A day after Howe’s passing Mick Tucker and Malcolm Pearson had a conversation over the phone and they also talked about the tapes with the recordings of the second White Spirit record that had disappeared. A bit later Pearson while moving to France found them by accident in a drawer of an old bedside table. Together with Tucker he decided that it might be worthwhile to do something with those old tapes. Tucker involved his Tank mate Cliff Evans who has his own studio and label Conquest music. Evans started working on the tapes. It turned out to be a delicate process to transfer the tapes to a digital form but Cliff managed to save the bulk of the material.
As both Tucker and Pearson knew that the sound of then would not be appropriate in 2022, they decided to record the album again with bassist Neil Murray (former Whitesnake and Black Sabbath) and Uriah Heep drummer Russell Gilbrook, with Tucker on guitars and Pearson on keyboards. It turned out that Brian Howe’s vocals could not completely be saved so for four songs on the album they engaged Jeff Scott Soto and Lionheart vocalist Lee Small to sing two songs each. As a special tribute to Brian Howe it was decided to record a new version of the Bad Company hit ,,Holy Water’’ for which the duo engaged FM singer Steve Overland. The other five songs on the album have the original vocals from Brian Howe, recorded some four decades ago.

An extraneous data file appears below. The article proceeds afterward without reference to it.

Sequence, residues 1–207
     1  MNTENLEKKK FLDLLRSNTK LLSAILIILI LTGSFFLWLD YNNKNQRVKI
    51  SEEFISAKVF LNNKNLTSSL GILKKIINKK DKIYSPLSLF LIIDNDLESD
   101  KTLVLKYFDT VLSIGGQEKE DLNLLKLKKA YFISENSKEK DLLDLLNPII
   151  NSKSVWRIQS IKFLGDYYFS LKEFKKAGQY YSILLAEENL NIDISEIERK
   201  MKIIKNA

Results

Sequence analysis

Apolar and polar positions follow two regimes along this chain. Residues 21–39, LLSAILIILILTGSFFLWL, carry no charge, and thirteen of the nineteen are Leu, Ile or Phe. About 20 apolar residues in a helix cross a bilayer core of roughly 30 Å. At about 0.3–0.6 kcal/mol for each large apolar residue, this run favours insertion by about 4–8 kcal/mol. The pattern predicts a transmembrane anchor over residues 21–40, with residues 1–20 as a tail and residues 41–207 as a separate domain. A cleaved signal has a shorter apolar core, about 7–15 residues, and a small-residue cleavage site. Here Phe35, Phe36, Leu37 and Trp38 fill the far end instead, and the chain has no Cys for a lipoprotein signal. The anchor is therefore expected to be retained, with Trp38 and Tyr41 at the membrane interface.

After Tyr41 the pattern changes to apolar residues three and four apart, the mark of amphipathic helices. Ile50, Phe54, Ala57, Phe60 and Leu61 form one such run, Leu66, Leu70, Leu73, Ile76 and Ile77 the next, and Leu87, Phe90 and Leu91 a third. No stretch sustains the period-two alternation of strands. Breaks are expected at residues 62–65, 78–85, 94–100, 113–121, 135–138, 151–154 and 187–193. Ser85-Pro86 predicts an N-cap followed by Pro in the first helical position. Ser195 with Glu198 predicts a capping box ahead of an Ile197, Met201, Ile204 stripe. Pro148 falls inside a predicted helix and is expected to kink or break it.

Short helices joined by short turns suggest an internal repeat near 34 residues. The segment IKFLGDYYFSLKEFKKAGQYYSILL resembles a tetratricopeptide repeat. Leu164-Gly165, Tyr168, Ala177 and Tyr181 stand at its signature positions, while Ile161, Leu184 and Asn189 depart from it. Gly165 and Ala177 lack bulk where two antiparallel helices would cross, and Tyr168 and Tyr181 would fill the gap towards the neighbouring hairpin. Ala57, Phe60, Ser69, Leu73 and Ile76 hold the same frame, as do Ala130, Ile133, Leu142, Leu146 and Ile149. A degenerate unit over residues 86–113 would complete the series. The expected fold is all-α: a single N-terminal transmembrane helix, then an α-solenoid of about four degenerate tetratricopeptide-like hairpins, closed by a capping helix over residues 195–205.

Re-recording bass, drums, guitar, keyboards and having JSS, Steve Overland and Lee Small singing five of the ten tracks has given ‘Right Or Wrong’ an up to date melodic sound that will put the name White Spirit into the limelight for the time being. Having the album mixed by HammerFall-guitarist Pontus Norgren has also had a positive influence on the end result as especially the guitar sound of Tucker is as sharp as a Swiss blade knife yet very melodic at times. Style wise ‘Right Or Wrong’ balances nicely between ballsy heavy rock and flashy AOR with plenty of strength and some really cool vocal arrangements (listen to the excellent choirs by Lee Small during the track ,,Better Watch Out’’ that has a lead vocal of JSS). And how often can you hear an album with four aces singing? On ‘Right Or Wrong’ you can.
CATAPULT OR TRIGGER
What about the vocals of Howe that have been saved? Well, when you listen closely you can already hear the writing on the wall that was to come for Bad Company after the leaving of Paul Rodgers. Howe has always had the perfect pipes for melodic rock and AOR and on ‘Right Or Wrong’ you can clearly hear the first features. And remember that his sessions were done four decades ago. I find it amazing that the production team for this record has managed to integrate these old recordings right into the mix quite accurately and made everything fit.
So, was it right or wrong for the duo Tucker/Pearson to rehash their past with White Spirit? For me they were definitely right doing it although it is a pity that the death of Brian Howe had to be the catapult or trigger (whatever you prefer) to get things going. It is a fine piece of work indeed.
Release date: 29 July 2022